May 25, 2017 Last Updated 3:32 PM, May 24, 2017
Published in Adventure
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It's here, internet: the game you’ve been waiting for.

It’s filled with snarky, self-deprecating dialogue, 80s nostalgia, madcap memes, wig-wearing sloths, Reddit references, and truckloads of geek jokes abound in this weirdly beautiful and disturbing distillation of all things internet. Even mouth-breathing, fedora-festooned neckbeards have a place in the world of Paradigm.

Paradigm is a surreal point-and-click adventure game that follows the journey of a lascivious, but generally well-meaning mutant named Paradigm.

It’s unclear if the Eastern-European protagonist exists in an alternate universe, but as the game’s timeline reveals itself to be in the not-so-distant future, you find yourself searching for whatever catastrophic event lead us to a dystopian world where anthropomorphic eggplants sell beatbox riffs to make rent.

The controls are standard for point-and-clicks and you have the option to look at, talk to, use, and pick up objects. What is not standard is the title’s commitment to making every interaction unique. Most point-and-clickers repeat the same phrase — or do nothing — when you try to do something silly, like talk to an inanimate object or pick up the sky. Paradigm is different; if you try to chat something up, at the very least, he (Paradigm) says hello.

Attempting to pick up objects is an absolute necessity to experience the full brilliance of the adventure. If Paradigm doesn’t need an object, he interprets “pick up” as a command to make a cheesy come-on. Paradigm's endearing efforts to woo almost every object in existence is legendary and hilarious. There are a few things Paradigm won’t hit on, however, and they’re so horrifying we probably shouldn’t mention them here. It’s better if you discover them on your own, anyway.

Paradigm’s uncoordinated absurdity reaches Dali levels

The game has two modes: one for strong, independent adventure players who don’t need hints, and a kinder, fuzzier option for players who are either new to the genre or can’t be bothered to risk viruses from sites promising walkthroughs. Those that select hints can also choose between vague nudges or outright directions on what to do. Purists may hate this option, but for accessibility purposes, it makes the game friendly to players of any skill level. As an added perk, the initial tutorial is replayable.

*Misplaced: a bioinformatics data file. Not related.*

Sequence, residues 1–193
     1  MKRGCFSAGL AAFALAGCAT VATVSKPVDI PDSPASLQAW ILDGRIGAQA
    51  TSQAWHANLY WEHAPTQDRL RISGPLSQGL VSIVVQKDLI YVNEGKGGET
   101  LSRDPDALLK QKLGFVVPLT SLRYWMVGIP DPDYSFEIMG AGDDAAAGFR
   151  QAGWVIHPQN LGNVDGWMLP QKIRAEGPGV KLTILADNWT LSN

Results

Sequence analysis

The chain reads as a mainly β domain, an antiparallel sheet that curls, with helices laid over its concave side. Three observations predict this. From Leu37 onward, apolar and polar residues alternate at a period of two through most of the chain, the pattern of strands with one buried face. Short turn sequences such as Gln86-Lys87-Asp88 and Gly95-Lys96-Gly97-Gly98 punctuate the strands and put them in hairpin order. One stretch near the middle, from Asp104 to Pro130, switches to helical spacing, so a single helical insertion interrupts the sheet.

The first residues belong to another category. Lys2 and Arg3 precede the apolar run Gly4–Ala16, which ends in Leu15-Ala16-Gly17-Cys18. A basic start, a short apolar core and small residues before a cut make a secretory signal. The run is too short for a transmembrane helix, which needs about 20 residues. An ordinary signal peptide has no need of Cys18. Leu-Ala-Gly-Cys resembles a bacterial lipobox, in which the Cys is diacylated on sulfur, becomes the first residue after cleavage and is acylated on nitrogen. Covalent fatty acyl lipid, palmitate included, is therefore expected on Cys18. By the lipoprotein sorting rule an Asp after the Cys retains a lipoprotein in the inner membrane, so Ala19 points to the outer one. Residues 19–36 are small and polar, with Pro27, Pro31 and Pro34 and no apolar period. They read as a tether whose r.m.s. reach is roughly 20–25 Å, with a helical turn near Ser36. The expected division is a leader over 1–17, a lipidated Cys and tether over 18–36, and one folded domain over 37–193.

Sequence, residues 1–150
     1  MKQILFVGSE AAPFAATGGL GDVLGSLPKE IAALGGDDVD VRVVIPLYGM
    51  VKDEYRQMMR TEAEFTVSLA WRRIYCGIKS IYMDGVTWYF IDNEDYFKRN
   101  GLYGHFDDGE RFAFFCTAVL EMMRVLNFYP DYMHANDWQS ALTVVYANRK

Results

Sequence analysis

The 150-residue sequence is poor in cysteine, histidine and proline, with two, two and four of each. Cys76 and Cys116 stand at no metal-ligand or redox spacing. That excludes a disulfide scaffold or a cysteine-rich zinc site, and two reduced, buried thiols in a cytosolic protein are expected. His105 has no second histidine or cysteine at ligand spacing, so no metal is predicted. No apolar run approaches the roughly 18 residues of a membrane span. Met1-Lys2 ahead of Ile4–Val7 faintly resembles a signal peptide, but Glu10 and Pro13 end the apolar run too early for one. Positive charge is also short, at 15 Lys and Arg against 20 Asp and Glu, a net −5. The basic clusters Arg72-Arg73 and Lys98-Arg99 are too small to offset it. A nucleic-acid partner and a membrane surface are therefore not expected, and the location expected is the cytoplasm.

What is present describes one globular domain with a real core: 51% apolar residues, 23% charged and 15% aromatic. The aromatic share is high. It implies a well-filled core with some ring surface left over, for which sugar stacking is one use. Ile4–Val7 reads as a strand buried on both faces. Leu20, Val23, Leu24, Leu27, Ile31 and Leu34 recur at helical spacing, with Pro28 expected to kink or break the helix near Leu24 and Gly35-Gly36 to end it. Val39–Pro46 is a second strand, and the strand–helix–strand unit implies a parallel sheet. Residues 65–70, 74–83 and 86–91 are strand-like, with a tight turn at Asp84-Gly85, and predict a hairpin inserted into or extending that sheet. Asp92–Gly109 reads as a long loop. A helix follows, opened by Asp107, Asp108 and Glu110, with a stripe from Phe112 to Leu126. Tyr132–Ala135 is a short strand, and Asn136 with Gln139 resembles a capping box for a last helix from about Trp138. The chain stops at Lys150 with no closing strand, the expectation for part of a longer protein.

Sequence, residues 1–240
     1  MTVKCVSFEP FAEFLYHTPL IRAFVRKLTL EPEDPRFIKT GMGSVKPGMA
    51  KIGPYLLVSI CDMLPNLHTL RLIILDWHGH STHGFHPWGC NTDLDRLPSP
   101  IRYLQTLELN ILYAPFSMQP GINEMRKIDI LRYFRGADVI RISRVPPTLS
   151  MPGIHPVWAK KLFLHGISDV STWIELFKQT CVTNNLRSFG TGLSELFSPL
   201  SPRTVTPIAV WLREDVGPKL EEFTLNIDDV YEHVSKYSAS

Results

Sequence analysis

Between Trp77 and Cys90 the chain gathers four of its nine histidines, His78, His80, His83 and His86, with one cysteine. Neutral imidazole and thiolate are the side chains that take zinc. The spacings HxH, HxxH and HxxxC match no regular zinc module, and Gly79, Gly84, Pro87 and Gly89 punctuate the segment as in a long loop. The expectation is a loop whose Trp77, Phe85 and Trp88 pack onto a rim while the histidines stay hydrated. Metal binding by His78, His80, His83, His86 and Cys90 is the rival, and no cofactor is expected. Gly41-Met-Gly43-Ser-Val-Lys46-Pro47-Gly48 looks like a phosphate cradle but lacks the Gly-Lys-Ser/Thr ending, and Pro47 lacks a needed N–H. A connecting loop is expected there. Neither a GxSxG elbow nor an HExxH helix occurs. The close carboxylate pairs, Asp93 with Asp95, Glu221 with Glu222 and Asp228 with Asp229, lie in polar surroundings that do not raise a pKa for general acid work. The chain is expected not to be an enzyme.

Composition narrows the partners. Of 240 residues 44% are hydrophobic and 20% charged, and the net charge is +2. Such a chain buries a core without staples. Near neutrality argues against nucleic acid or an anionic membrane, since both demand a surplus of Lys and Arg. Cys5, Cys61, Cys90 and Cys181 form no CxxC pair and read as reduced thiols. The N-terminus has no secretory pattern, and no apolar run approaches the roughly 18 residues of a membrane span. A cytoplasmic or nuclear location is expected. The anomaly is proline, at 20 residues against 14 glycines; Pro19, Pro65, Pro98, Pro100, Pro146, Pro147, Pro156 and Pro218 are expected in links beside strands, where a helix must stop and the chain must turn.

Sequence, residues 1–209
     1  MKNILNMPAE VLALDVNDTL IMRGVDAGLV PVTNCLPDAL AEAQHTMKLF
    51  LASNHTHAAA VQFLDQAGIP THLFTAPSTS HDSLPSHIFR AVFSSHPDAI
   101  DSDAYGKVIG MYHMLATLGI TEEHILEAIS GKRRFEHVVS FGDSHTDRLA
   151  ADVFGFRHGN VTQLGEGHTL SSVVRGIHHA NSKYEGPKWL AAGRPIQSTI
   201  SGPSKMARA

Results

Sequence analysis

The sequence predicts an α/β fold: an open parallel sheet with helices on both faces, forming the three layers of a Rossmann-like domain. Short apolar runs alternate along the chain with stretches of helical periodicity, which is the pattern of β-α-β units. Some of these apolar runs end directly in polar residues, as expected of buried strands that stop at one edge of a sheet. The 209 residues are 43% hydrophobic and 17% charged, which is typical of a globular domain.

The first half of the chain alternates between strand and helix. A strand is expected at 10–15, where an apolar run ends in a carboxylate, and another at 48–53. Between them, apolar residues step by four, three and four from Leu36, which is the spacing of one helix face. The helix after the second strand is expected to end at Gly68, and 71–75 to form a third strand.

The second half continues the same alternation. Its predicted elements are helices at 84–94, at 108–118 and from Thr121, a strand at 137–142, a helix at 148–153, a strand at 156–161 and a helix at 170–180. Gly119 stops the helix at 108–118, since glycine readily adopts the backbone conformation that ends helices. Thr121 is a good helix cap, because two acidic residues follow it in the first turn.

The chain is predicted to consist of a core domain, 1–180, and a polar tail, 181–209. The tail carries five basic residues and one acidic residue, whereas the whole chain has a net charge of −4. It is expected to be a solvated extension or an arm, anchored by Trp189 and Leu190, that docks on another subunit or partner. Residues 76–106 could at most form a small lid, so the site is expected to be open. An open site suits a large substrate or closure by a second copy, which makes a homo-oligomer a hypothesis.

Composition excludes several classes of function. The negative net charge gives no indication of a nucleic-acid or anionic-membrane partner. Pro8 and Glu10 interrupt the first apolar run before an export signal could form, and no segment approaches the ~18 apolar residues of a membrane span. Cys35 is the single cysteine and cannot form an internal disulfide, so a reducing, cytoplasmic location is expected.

While it is nice to have these features, even young or inexperienced players will not find a lot of challenge in Paradigm. The puzzles are straightforward, and border on easy. They also lack one of the basic elements of most point-and-clicks: The please-let-this-work item smash. While Paradigm does have a few item combinations in play, there isn’t a lot of it, and the necessary combinations are obvious, like combining peanut butter and a bread to make a sandwich (not a spoiler). One of the most frustrating, beloved, and endearing elements of point-and-click adventures is the moment when you’ve tried everything reasonable and start connecting every object in your inventory in the hopes of making a match. That blissful moment when something goes together in the absence of all logic is what makes the genre so lovably hateful. Without that, one wonders why a hint system exists at all.

However, Paradigm’s brilliance isn’t in the gameplay. It’s the jokes, graphics, music, and voice acting. Its uncoordinated absurdity reaches Dali levels, but with a sublime humor that underscores it all. The artwork is a mishmash of different designs, from stylized 2D art to 8-bit graphics, with a dash of claymation thrown in for kicks. It works together to build a world that is both strange and nostalgically familiar.

When many studio-created, publisher-backed games have voice acting so bad it forces you to turn off sound to keep your ears from bleeding, it is impressive beyond measure to find this level of quality in an indie game. Accents from all over the globe bring life to the game’s wildly diverse cast, making each one as memorable as the last.

Even in greatness, there are flaws.

Most of the bugs in Paradigm are minor. For example, the hotspot highlighting feature doesn’t recognize when an object has moved. If an interactive object no longer exists, it still lights up in its original position. Also, In a few places, the hotspot icon won’t turn off, leaving a distracting, glowing floppy disk on the screen. The most disruptive bug was an unpredictable show stopper: after some scripted events, it became impossible to interact with objects. Sometimes, leaving the area and coming back was enough to fix the issues. Other times, it required shutting the game down and reloading. It’s annoying, but none of these bugs made the game unplayable.


The Verdict

Paradigm is proof that quality isn’t the sole domain of big names and hefty budgets. Although the puzzles are a bit lackluster, the overall experience of the game makes it a must-have for fans of the genre. Players that enjoy absurdity and thrill at the idea geeky humor and internet memes brought to life will love Paradigm in all its weird and wonderful glory.

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Phoebe Knight

Phoebe Knight is a freelance writer and novelist. She cut her baby teeth on the original King’s Quest, and has loved gaming ever since. Phoebe’s favorite games are usually weird ones with quirky storylines, but she has also logged an embarrassing volume of hours in sweeping open-world fantasy games like Skyrim and Witcher 3.


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